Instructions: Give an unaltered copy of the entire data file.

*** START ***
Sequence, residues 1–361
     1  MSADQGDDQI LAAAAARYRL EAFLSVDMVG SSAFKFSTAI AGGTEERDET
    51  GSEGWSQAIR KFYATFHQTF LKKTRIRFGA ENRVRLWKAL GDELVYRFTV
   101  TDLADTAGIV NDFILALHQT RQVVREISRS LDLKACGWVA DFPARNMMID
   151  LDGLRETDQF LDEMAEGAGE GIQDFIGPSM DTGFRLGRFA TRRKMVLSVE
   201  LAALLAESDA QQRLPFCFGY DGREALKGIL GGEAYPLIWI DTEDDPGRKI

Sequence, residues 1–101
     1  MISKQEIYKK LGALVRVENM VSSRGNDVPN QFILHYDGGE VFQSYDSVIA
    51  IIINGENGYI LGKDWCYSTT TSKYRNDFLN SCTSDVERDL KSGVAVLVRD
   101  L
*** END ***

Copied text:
Sequence, residues 1–361
     1  MSADQGDDQI LAAAAARYRL EAFLSVDMVG SSAFKFSTAI AGGTEERDET
    51  GSEGWSQAIR KFYATFHQTF LKKTRIRFGA ENRVRLWKAL GDELVYRFTV
   101  TDLADTAGIV NDFILALHQT RQVVREISRS LDLKACGWVA DFPARNMMID
   151  LDGLRETDQF LDEMAEGAGE GIQDFIGPSM DTGFRLGRFA TRRKMVLSVE
   201  LAALLAESDA QQRLPFCFGY DGREALKGIL GGEAYPLIWI DTEDDPGRKI

Sequence, residues 1–101
     1  MISKQEIYKK LGALVRVENM VSSRGNDVPN QFILHYDGGE VFQSYDSVIA
    51  IIINGENGYI LGKDWCYSTT TSKYRNDFLN SCTSDVERDL KSGVAVLVRD
   101  L